In office only since January and young as the top state prosecutor for Baltimore, Marilyn Mosby might have felt overwhelmed as the crisis of Freddie Gray swelled. The city wondered how she would respond when handed the police report into Mr Gray’s death on Thursday. With speed, we learned yesterday.
Her youth notwithstanding, Ms Mosby, 35, may have the perfect profile not just for the position she holds but also for the maelstrom that the death of Mr Gray spawned. An African-American raised in a gritty neighbourhood of Boston, she cannot be accused of not understanding the black community. Her husband, Nick Mosby, is a Baltimore Councilman who has spoken out forcibly about Monday’s riots.
But she knows police culture too. In Boston, her mother, father and grandfather were all police officers. Campaigning for her job last year she said she decided to be a prosecutor when she was 14, the year one of her cousins, was shot to death outside her family home. He was seventeen and a volunteer lifeguard.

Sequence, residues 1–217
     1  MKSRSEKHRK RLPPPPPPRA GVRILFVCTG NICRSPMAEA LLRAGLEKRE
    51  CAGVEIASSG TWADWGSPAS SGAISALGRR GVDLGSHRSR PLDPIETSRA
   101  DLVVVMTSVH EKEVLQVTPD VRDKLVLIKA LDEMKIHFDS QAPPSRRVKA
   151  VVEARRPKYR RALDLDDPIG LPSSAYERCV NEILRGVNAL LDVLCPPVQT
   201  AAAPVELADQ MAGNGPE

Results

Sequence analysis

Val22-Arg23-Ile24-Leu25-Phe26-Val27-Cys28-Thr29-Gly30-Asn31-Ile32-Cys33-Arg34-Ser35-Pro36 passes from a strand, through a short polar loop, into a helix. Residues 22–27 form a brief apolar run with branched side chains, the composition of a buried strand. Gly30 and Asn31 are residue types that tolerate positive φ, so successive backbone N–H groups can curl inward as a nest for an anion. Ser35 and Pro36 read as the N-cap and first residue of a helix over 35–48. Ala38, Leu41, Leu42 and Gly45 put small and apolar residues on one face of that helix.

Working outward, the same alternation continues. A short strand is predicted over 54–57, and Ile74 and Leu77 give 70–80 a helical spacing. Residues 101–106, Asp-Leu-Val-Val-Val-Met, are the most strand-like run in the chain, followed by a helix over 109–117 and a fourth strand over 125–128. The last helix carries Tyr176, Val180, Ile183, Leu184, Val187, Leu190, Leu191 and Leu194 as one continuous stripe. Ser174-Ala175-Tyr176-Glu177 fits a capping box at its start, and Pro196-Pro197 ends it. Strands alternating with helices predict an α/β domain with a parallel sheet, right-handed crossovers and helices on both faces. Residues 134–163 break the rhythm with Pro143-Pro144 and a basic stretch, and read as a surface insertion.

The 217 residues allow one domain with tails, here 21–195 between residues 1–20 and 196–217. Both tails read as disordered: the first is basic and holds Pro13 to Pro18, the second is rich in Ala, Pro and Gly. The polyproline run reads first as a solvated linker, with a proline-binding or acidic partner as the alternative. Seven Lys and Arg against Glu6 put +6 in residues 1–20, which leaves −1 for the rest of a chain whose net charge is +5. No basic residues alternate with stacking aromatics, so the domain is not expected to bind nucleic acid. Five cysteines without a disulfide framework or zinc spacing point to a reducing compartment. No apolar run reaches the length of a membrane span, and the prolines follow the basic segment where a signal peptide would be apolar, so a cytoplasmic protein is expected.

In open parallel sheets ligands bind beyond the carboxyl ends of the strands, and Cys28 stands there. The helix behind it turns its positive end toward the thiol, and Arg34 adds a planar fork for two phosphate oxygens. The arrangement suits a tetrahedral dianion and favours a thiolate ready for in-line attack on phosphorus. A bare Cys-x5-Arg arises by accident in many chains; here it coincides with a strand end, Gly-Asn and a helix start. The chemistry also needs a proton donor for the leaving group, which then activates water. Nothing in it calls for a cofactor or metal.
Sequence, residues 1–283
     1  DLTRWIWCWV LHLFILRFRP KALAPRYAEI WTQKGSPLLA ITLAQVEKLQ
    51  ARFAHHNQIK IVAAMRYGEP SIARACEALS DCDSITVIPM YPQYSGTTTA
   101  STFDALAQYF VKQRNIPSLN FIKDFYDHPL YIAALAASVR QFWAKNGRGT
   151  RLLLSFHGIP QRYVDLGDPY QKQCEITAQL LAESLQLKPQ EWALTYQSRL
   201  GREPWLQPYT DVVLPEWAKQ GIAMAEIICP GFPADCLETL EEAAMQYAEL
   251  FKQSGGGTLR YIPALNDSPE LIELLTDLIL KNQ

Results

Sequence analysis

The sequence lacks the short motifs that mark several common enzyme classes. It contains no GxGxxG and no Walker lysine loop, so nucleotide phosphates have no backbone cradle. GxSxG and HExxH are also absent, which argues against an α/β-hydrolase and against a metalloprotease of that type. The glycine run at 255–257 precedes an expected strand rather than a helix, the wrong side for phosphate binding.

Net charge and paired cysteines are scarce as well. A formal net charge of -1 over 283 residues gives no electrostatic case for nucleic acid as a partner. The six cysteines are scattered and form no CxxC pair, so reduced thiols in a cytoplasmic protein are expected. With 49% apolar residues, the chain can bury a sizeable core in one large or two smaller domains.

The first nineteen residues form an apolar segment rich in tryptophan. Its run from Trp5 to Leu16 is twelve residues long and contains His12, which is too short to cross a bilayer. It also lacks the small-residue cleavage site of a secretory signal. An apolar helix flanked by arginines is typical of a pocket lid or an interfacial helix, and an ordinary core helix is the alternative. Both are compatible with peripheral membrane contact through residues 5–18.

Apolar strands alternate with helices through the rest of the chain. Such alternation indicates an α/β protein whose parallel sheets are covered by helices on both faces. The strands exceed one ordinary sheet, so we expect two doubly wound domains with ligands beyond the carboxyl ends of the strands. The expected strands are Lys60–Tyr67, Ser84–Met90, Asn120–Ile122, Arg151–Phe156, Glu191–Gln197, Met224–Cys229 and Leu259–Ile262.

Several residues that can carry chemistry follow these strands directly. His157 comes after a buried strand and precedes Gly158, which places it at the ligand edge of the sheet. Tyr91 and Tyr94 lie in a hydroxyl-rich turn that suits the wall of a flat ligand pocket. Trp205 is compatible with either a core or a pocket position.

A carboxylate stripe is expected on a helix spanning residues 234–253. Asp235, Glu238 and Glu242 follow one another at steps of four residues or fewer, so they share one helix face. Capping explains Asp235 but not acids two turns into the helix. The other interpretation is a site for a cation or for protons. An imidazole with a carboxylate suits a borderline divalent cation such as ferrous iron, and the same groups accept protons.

“I’ve seen my family blood, the same blood that runs through my veins, spilled on my front door,” she said on the day she announced her campaign. “I’ve locked my doors. I’ve clutched my purse.”
Then she spoke up for police, asserting: “It is my genuine belief despite what we might all want to think, what we might want to believe, the police officers in this city are doing their jobs.” But she also signaled her determination to root out those officers guilty of abuse. “Police brutality is completely inexcusable. I'm going to apply justice fairly, even to those who wear a badge,” she said.